And coats made out of human hair – what about them?
Fashion, in the pretentious, fashionverse sense of the word, is at its best when it's essentially unwearable – a creation far too beautiful to ruin by doing something as selfish as pressing it to your skin and using it to warm yourself up and not be naked in public. That's why, when artists use clothes as a canvas, the result is often far more interesting to look at than whatever you'll see paraded down a catwalk. Because, instead of worrying about what entitled department store buyers are going to dislike, they have free reign to comment on geopolitical issues with ridiculous, oversized rags, or make preposterous uniboob dresses that no one's realistically ever going to wear.
Or, they can make shoes out of 1050 dentures and jackets out of human hair, just like Hackney-based creative-duo, Fantich & Young. The pair met a while ago and decided to create art together, because, as Dominic Young – one half of the team – says, "you've got to play with people, otherwise you'll just be doing drum solos the whole time, and nobody likes that".
I spoke to Dominic about the duo's work and their concept of "Darwinian Voodoo".
VICE: Why did you choose to make shoes out of teeth?
Dominic: The Apex Predator shoes were inspired by Charles Darwin's theory of evolution and natural selection, then we subverted that idea by including references to the supernatural elements of pagan rites and ceremonial rituals. We tried to instill the concept of viewing nature as a threat by doing what we did.
Right. That sounds kind of deep for a pair of shoes.
Well, as artists, we look for contradiction, and the contradiction here was the logic of science versus the belief in the supernatural. We look for contradictions because they create tensions and tensions create creativity. Most of our work is based around that concept and, if you were to look at the shoes within that context, they'd make a lot more sense. We often play around with Herbert Spencer's concept of social Darwinism, which is where you apply the laws of nature to society.
Basically, if you apply the laws of nature in the Serengeti on to society, you're going to have a war on the weak. So, these shoes are social Darwinistic shoes. They’re called the Apex Predator because they represent the ruling elite and there’s no predator for the social elite, is there?
No, I guess not.
Because once things go wrong for the ruling elite, they get bailed out or there's a whitewash. So, they're the ruling elite and they're the Apex Predator. But that’s only my opinion of what we've instilled in the work. We allow the viewers to make up their own minds.
Cool. So – these shoes – are they made out of real human teeth?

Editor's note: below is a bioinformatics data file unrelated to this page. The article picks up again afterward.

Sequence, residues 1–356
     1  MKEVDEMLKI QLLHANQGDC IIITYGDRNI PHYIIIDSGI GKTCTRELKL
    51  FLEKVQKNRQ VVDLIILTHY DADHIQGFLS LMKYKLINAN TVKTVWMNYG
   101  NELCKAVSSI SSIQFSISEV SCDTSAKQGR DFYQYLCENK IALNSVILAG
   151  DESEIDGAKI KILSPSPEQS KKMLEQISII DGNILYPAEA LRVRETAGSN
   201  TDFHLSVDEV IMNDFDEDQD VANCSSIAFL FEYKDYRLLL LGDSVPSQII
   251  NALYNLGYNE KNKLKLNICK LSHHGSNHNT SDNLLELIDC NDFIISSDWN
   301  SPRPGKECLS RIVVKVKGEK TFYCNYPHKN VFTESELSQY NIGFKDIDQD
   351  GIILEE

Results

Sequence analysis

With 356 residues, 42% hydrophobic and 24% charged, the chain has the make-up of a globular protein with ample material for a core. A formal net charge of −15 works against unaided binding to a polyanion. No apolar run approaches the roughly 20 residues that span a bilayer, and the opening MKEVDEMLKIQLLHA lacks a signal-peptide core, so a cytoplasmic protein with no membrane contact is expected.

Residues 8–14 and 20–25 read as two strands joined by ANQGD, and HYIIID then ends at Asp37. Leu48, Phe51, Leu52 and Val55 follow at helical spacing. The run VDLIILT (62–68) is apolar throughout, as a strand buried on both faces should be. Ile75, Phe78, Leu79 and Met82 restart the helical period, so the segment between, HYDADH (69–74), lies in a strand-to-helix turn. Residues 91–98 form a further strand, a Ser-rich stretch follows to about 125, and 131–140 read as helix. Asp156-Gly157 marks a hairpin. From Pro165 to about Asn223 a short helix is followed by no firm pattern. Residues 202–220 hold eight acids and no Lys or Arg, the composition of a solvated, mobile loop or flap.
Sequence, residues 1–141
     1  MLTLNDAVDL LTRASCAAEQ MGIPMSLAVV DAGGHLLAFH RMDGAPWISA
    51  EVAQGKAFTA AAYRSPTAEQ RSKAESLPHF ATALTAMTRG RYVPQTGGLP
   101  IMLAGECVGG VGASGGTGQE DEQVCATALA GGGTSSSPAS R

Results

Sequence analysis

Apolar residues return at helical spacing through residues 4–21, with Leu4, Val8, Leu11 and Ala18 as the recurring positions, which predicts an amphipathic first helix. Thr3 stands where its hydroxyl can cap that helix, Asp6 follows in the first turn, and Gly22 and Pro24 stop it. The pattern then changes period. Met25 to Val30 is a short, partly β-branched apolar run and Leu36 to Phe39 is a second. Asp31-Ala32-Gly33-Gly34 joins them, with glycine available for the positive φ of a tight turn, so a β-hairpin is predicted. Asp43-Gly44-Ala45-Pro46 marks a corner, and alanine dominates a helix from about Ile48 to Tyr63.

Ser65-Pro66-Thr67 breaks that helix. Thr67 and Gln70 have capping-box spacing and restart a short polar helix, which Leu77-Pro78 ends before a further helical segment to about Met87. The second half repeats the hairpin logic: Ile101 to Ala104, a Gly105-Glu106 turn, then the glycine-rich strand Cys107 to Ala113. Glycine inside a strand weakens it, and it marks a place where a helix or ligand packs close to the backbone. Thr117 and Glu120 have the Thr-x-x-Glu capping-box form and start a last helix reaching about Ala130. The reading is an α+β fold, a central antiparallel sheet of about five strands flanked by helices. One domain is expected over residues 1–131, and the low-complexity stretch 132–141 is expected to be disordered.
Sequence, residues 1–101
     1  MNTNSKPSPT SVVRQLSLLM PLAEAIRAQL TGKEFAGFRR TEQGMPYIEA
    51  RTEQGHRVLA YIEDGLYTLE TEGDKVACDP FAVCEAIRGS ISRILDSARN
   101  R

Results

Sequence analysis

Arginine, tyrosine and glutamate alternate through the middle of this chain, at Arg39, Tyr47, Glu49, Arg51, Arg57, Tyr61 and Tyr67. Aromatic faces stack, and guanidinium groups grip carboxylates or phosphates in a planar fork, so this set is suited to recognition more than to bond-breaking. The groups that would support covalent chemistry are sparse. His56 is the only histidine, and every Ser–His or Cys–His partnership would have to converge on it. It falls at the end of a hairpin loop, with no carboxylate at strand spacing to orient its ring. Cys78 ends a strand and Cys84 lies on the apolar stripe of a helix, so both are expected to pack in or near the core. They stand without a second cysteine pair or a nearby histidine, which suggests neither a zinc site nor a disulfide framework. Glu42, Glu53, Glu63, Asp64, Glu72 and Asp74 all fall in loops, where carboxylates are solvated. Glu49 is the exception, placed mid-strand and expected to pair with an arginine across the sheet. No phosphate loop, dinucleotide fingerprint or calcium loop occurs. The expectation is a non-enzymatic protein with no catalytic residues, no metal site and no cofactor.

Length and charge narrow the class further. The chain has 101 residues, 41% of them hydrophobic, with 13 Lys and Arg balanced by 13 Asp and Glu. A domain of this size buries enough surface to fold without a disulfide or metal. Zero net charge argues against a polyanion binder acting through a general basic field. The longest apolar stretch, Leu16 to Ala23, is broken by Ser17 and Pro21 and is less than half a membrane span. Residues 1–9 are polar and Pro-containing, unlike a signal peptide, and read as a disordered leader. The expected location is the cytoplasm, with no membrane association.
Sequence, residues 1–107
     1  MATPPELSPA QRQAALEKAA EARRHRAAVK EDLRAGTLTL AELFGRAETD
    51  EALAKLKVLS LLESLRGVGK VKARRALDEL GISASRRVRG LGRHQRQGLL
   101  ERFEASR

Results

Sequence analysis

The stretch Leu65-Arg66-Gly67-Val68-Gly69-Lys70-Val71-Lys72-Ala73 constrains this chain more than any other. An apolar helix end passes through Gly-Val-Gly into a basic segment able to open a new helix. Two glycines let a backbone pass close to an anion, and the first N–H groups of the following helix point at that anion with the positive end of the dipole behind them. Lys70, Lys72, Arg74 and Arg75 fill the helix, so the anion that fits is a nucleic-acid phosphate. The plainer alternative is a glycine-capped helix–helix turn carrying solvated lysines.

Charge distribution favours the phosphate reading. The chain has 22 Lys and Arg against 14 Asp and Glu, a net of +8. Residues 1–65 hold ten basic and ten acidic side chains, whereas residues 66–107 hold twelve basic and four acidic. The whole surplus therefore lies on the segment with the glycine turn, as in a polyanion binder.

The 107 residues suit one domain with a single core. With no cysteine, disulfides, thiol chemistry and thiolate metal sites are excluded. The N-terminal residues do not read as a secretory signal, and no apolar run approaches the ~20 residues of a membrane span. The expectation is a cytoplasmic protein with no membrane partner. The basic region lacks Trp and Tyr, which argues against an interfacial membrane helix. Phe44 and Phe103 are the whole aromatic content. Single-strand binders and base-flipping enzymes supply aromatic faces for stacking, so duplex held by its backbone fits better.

No, they're not from dead people or the dentist's floor, or anything. They're actually dentures from China.
They remind me of something out of a horror B-movie.
It's interesting you say that, because we're both big film fans – we're very into Salò, Lindsay Anderson's If and a little bit of Kubrick – but yeah, the shoes do have a early-50s hammer horror feel to them. We were actually inspired by a makeup artist who worked on a lot of hammer horror films, but his name escapes me, I'm afraid.
That's alright. What about the human hair suit? That's pretty freaky, too.
That stems from our Darwinian Voodoo concept. The work was created as a fine art sculpture in 2010 and it's a vintage Savile Row suit that's been customised with human hair, glass eyeballs, bones and a canine denture.
Darwinian Voodoo? Did you coin that phrase yourselves?
Yeah, it’s just us trying to sum up what we’re trying to do in two words. It sounded quite good. Instead of saying magic and science, we called it Darwinian Voodoo, for good or for bad.
Nice. How much are you pricing this stuff at? Because I presume it's sold as art rather than fashion, right?
Yeah, as art sculptures in a limited edition. They’re going to retail at £1500 per pair, but all inquiries will have to come to us because we don't have an outlet.
I can't afford anything limited, so that's out of the queston for me. What are you going to make next out of human body parts? Could you make underwear out of my pubic hair for a fee, perhaps?
Now there's an idea that could really take off. No, we're beginning to to rummage through the darkest recesses of our imaginations and, as we speak, a ladies' shoe is in the works. It’ll be something that Hilary Clinton would look good in. They’ve got power and they’ve got sassiness.
Follow Ryan on Twitter: @ryanbassil
Dig fashion that makes you think about life and stuff? Try these: